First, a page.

• Nov 5, 2007
J.D. Power and Associates has polled owners of factory-nav equipped vehicles, and Infiniti's zippy-performing setup gets the nod for top honors from end users. Part of the win might be chalked up to the hard drive that the Infiniti system comes with, making it more responsive than a DVD based navigation system. Infiniti owners also tend to be more tech savvy than owners of other navigation-equipped vehicles, further contributing to the win. The study's results show that even after coming up with a few extra thousand dollars to get the fancy LCD in the dash, most drivers hardly scratch the surface of what the systems can do for them. Apparently, watching a little triangle follow an animated route is all many owners ever use their nav systems for, preferring to be even more helpless and use live operators to talk them in.
Ignorance leads to negative comments about maps that are out of date (easily rectified via updates), while actual technology gets in the way when it comes to wonky voice activation and real time traffic updates that have limited coverage in some areas. Despite the complaints, most owners declined to go back to the dealer for any kind of solution. Some owners apparently purchase navigation systems because they like the fancy cachet, while others actually use the systems. Those that use their nav more than twice a week tended to be more satisfied, pretty much proving that navigation systems are complex and take time to learn how to fully utilize before they're more than an expensive electronic bauble. Having used the Infiniti navigation system, we can say that it is among the best when it comes to ease of use and accuracy, but unfortunately, we're not junketing enough to far flung locales to actually need it.

[Source: Automotive News - Sub. Req.]


I'm reporting this comment as:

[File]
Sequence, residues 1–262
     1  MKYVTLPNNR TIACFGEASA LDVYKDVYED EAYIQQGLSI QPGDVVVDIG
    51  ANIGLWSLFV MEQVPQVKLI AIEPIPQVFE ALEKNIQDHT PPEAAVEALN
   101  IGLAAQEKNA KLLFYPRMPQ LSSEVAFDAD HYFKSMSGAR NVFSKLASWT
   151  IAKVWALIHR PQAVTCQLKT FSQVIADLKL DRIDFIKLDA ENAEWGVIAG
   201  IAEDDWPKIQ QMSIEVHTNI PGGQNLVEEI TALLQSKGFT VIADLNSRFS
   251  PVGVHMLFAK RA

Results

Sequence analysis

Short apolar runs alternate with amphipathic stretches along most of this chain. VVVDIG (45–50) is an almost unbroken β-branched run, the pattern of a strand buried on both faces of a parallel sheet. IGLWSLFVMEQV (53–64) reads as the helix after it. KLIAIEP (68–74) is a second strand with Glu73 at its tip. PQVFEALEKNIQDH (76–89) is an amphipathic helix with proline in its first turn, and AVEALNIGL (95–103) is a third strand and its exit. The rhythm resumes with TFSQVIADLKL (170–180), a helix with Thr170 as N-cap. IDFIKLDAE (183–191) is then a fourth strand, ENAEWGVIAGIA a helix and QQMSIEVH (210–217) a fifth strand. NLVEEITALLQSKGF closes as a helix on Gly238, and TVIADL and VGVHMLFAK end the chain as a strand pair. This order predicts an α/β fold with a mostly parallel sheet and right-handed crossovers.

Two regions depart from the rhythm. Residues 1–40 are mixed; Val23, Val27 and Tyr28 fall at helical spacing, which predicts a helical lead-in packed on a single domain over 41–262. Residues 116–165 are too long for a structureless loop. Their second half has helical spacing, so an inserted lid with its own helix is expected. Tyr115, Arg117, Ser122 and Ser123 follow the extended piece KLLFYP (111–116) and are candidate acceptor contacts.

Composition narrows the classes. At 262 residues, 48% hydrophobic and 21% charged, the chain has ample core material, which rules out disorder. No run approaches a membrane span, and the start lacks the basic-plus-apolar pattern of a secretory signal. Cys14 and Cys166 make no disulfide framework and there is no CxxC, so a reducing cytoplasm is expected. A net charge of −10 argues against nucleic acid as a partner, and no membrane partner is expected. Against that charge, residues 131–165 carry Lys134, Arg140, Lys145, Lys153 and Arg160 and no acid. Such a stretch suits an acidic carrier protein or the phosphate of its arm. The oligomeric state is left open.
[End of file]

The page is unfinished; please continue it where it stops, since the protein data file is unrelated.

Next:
Reported comments and users are reviewed by Autoblog staff 24 hours a day, seven days a week to determine whether they violate Community Guideline. Accounts are penalized for Community Guidelines violations and serious or repeated violations can lead to account termination.


    • 1 Second Ago
  • 24 Comments
      HotRodzNKustoms
      • 7 Years Ago
      Having spent alot of time in a G35 I don't care for it's Nav I found it a bit of a pain compared to say a GM Nav. It's just that the G35 unit is horribly similar to a Alpine after market one I had installed in a car nearly 10 years ago. The GM unit to me is the easiest to use, offers the best blend of graphics, functionality, and most importantly ease of use.
      • 7 Years Ago
      I have never owned a GPS but I have often wondered why they use the DVD's to do this when flash memory or hard drives would be so much better and quicker. For those of you that do have DVD based nav, does the DVD player let you watch movies too, or play mp3's off of a DVD?
        • 7 Years Ago
        I think the ones in Acuras let you play DVD-Audio.
      • 7 Years Ago
      I still think a high-end portable GPS unit from one of the well-known manufacturers (Garmin, TomTom, etc) is the best bang-for-performance/value right now for a GPS system.
        • 7 Years Ago
        I totally agree.

        I have a Treo 750 with Tomtom Nav installed....nothing beats a cell/pda/gps you can have with you at all times.